• Bret Adams
  • Daphne Haas-KoganEmail author
  • Joseph Panoff
Part of the Practical Guides in Radiation Oncology book series (PGRO)


  • Neuroblastoma is the most common solid non-CNS malignancy of childhood representing 8–10% of all pediatric cancer, and approximately 650 cases are diagnosed per year in the United States.

  • Neuroblastoma is notable for its heterogeneity in behavior, with some cases showing spontaneous regression and others demonstrating dismal outcomes.

  • Patients may present with an abdominal mass with or without obstructive symptoms. Children with neuroblastoma tend to have symptoms at presentation in contrast to children with Wilms tumor. It is not uncommon to see systemic symptoms such as fever, weight loss, sweating, flushing, abdominal pain, failure to thrive, and generalized weakness.

  • Over 50% of children will have metastases at diagnosis involving the bone, liver, lymph nodes, and skin.

  • Bone metastases have the potential to cause pain or refusal to walk, and skin metastases that occur in infants may present with clinical manifestations of blue skin lesions that blanch with pressure due to release of vasoactive catecholamines (referred to as the “blueberry muffin” sign).

  • Paraneoplastic syndromes may cause symptoms that include opsoclonus-myoclonus, truncal ataxia syndrome that is attributed to antibody formation to neurons, and diarrhea from vasoactive intestinal polypeptide secretion.

  • Workup for neuroblastoma includes CT and/or MRI to evaluate the primary lesion. If feasible, it may be of benefit to obtain both studies at initial diagnosis to best evaluate the initial extent of disease and to determine the best imaging modality for subsequent studies.

  • Bilateral bone marrow biopsies and MIBG scan (123I-MIBG) should be obtained to evaluate for metastases. PET/CT and bone scan (with 99mTc-diphosphonate) may be useful for non-MIBG-avid disease. CT of the chest/abdomen and pelvis should be considered to evaluate for metastatic disease, and MRI or CT of the brain may be useful if large metastases are present. Baseline labs including CBC, CMP, and urinary catecholamines (e.g., vanillylmandelic acid and homovanillic acid, elevated in 90% of patients) should be obtained.

  • Pathology is necessary for diagnosis unless urinary catecholamines are elevated since it can provide additional prognostic information. If surgery is performed initially, postsurgical imaging should be obtained to determine the extent of resection.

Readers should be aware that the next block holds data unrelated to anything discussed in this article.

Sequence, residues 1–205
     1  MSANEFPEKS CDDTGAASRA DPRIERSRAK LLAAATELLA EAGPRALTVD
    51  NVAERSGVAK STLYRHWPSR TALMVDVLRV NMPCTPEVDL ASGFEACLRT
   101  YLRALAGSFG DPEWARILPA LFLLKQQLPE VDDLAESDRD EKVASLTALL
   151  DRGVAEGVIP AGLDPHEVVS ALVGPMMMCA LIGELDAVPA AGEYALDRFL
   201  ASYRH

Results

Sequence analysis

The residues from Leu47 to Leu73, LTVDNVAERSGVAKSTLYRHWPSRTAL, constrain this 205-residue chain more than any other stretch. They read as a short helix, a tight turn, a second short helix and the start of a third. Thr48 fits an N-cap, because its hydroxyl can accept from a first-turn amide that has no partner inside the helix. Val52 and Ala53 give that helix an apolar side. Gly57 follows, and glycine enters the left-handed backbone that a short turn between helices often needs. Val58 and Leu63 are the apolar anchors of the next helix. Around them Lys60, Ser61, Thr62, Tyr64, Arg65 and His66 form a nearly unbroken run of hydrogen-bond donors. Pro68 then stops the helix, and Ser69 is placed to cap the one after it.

• Children under 12 months of age are considered to have more favorable outcomes. Recent studies have indicated that this age cutoff can be extended to 18 months for children with favorable histology.

  • Past Children’s Oncology Group’s (COG) studies stratified neuroblastoma into low-, intermediate-, and high-risk groups based on an amalgamation of these prognostic factors.

  • Radiation therapy is recommended for children with intermediate-risk disease who progress through chemotherapy, for those who have persistent disease following all treatment, and for children with high-risk neuroblastoma.


  1. 1.
    Cohn SL et al (2009) The International Neuroblastoma Risk Group (INRG) classification system: an INRG task force report. J Clin Oncol 27:289–297CrossRefGoogle Scholar
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    Paulino AC, Zach Fowler B (2005) Risk factors for scoliosis in children with neuroblastoma. Int J Radiat Oncol Biol Phys 61(3):865–869CrossRefGoogle Scholar
  3. 3.
    Wolden SL et al (2008) Brain-sparing radiotherapy for neuroblastoma skull metastases. Pediatr Blood Cancer 50(6):1163–1168CrossRefGoogle Scholar

Copyright information

© Springer International Publishing AG, part of Springer Nature 2019

Authors and Affiliations

  • Bret Adams
    • 1
  • Daphne Haas-Kogan
    • 2
    • 3
    • 4
    Email author
  • Joseph Panoff
    • 5
  1. 1.Blue Ridge Cancer CareRoanokeUSA
  2. 2.Department of Radiation OncologyBrigham and Women’s Hospital, Dana-Farber Cancer Institute, Boston Children’s Hospital, Harvard Medical SchoolBostonUSA
  3. 3.Children’s Hospital BostonBostonUSA
  4. 4.Harvard Medical SchoolBostonUSA
  5. 5.21st Century OncologyFort MyersUSA

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